dampen, put a damper on, cast a pall over, cast down, lower, depress, crush, shake, sap, suppress, extinguish, smother, stifle
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Phrases

  • (as) dull as dishwater (or ditchwater)

    • Extremely dull.

      • ‘Hertfordshire South West was dull as ditchwater, Bedford was fairly bland and Suffolk South was a safe seat of the most tedious kind.’
      • ‘You have to shape what your people are doing as a breakthrough, even if it's actually dull as dishwater.’
      • ‘Face it guys, anybody who gets more excited about carbon-dating than human dating has to be dull as ditchwater.’
      • ‘My option now is to use this boredom to concentrate more on the degree, although the latest book on animal rights is as dull as ditchwater now.’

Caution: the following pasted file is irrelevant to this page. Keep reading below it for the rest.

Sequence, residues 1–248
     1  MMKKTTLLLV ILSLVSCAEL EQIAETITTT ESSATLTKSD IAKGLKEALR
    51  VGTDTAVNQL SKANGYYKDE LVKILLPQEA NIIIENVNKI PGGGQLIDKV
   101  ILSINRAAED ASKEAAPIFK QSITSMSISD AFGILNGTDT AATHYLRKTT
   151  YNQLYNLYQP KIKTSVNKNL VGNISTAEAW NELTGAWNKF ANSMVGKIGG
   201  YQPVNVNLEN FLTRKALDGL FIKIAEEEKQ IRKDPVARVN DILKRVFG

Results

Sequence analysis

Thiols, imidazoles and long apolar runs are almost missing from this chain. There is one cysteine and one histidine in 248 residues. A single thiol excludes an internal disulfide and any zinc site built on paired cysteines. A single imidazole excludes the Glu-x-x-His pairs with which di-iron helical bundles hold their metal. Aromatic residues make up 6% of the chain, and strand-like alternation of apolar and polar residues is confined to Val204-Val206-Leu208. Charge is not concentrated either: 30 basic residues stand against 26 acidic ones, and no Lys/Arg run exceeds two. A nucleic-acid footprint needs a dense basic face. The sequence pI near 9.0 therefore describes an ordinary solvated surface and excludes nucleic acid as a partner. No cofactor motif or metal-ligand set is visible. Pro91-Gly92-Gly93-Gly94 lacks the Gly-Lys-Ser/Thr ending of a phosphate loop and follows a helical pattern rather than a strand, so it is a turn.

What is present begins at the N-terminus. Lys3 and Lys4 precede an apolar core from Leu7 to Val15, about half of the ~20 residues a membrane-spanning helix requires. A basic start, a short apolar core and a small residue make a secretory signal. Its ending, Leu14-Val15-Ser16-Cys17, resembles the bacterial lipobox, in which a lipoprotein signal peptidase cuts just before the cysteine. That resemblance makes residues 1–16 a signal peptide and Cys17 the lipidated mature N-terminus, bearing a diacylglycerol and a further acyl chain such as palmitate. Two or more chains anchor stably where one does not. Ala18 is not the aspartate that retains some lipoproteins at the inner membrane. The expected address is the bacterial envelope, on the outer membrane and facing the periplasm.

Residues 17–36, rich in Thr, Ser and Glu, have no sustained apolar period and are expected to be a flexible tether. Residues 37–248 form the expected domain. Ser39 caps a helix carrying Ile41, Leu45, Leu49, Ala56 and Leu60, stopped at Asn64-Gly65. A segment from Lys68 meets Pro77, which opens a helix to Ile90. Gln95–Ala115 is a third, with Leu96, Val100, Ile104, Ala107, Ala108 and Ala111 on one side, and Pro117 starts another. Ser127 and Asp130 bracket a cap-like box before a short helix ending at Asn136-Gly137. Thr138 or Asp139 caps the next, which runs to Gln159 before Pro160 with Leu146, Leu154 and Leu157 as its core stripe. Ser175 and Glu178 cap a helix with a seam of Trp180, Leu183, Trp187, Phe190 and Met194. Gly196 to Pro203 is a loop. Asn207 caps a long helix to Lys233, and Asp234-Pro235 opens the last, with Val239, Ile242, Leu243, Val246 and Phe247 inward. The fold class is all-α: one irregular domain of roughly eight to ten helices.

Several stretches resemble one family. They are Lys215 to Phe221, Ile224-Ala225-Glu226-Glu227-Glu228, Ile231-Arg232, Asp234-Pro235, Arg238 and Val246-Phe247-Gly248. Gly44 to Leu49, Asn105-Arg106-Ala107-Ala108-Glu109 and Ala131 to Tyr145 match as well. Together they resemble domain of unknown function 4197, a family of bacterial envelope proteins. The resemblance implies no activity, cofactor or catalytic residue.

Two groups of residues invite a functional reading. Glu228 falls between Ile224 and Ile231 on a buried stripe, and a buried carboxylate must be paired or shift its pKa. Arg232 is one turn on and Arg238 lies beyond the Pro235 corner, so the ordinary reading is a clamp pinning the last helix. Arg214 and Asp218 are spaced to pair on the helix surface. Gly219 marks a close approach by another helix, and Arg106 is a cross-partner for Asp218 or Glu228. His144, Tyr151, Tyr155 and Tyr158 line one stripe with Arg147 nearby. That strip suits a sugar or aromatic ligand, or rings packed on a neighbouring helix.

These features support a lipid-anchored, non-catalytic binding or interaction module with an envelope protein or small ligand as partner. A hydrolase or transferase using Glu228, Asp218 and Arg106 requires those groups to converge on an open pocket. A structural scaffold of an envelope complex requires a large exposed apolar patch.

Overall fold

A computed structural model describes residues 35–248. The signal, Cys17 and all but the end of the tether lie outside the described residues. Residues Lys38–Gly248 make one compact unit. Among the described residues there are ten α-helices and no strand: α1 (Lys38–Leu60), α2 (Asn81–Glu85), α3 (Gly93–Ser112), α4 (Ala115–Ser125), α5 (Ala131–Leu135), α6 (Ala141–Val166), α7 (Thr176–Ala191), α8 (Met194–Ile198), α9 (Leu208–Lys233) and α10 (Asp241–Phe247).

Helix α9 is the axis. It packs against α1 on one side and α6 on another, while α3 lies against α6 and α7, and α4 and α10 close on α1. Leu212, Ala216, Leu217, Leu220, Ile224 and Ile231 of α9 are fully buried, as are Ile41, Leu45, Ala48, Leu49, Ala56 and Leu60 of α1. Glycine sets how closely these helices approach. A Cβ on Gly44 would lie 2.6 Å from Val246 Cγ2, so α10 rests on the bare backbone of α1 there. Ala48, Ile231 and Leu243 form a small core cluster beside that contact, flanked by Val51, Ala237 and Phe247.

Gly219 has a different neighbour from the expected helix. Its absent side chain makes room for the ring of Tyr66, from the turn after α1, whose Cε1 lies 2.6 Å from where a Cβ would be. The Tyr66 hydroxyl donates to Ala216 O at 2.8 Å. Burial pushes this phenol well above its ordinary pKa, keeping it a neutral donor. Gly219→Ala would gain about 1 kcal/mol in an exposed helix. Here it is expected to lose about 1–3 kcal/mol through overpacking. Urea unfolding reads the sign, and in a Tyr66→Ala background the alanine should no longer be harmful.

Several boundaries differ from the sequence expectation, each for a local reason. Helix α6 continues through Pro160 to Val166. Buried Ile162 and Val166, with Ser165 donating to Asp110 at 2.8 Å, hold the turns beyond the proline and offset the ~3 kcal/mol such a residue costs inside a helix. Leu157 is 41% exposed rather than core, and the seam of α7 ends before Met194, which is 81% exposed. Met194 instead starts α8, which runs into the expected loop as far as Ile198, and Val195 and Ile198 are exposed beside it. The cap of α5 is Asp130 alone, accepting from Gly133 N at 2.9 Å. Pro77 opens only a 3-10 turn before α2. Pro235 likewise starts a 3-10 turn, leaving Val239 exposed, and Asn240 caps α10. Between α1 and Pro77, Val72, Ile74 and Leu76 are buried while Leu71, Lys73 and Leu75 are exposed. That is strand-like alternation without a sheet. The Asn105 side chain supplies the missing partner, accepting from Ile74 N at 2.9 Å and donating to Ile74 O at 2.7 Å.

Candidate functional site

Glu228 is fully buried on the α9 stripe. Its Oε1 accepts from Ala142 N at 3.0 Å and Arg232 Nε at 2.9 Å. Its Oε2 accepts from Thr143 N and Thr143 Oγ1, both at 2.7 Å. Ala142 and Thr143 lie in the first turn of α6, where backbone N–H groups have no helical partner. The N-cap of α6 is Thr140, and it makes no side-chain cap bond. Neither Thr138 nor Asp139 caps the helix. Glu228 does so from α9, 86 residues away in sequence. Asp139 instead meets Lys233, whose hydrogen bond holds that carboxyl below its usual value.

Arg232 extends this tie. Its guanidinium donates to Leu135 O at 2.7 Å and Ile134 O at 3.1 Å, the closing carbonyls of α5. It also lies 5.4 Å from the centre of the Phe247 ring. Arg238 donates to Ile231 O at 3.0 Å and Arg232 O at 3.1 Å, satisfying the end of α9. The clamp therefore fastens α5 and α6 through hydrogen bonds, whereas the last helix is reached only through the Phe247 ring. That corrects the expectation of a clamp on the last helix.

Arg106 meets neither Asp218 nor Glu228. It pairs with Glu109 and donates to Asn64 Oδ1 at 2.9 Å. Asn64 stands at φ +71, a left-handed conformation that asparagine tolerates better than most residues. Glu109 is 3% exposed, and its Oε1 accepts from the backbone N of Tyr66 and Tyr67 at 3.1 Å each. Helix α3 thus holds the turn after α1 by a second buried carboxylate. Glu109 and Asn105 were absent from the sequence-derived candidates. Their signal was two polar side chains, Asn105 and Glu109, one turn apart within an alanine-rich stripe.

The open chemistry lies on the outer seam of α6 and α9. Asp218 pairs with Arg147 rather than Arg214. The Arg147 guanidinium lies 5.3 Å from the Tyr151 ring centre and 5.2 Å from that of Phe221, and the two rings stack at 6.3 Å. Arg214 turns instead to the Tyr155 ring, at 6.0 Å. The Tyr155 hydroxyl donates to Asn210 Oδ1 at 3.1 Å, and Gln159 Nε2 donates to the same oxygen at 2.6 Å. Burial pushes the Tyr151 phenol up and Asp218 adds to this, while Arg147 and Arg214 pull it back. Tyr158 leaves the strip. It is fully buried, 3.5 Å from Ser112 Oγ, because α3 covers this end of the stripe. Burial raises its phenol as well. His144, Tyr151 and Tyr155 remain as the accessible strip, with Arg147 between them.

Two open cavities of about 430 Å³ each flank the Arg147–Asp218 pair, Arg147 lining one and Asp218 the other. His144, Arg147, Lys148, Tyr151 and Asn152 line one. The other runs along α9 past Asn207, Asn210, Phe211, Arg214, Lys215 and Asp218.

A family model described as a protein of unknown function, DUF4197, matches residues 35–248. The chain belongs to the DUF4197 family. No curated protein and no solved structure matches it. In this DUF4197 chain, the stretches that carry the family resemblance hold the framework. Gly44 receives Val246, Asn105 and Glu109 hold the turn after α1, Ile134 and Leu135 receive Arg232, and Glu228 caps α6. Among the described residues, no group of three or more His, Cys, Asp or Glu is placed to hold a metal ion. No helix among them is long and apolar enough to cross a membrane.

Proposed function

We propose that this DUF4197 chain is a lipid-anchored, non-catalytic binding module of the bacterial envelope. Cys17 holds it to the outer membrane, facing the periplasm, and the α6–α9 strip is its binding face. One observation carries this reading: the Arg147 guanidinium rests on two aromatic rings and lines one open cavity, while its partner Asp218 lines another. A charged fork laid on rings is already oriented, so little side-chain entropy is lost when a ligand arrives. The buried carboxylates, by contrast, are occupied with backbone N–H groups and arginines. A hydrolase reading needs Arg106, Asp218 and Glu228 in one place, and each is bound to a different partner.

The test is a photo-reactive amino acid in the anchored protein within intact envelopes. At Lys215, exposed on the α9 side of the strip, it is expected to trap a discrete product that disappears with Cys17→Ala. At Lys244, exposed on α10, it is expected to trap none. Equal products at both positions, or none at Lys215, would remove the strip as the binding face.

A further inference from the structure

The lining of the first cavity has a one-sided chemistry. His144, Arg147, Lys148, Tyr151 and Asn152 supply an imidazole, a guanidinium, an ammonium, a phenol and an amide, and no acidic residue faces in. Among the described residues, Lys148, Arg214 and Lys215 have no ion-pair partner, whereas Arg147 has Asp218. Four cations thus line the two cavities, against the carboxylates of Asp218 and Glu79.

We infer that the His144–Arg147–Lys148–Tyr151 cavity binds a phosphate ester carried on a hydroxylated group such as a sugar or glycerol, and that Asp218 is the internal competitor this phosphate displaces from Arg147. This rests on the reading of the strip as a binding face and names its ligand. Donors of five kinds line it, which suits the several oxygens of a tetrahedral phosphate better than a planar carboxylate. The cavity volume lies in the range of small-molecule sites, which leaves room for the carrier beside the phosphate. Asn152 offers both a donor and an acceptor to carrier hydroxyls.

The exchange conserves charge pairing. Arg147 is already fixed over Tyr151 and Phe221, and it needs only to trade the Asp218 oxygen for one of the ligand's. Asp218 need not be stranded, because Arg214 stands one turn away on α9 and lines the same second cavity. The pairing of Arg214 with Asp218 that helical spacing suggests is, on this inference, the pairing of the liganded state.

• ‘The rest of the CD is dull as dishwater, and about as evil and terrifying.’
      • ‘So too in music we find relentlessly dreary conductors paid extravagant amounts for performances which are dull as dishwater.’
      • ‘The music is dull as dishwater, and you can barely notice when the song actually changes (if it does!).’
      • ‘Needless to say, it undoubtedly oozes discreet layers of sub-text, but like a lot of dialogue concealing deeply-hidden meanings, it's as dull as dishwater to read or hear unless it's artfully reinterpreted.’
      • ‘One of the reasons our politicians sound dull as dishwater is our laundry list style of communication.’
      • ‘It was as dull as ditchwater compared to the East End proper.’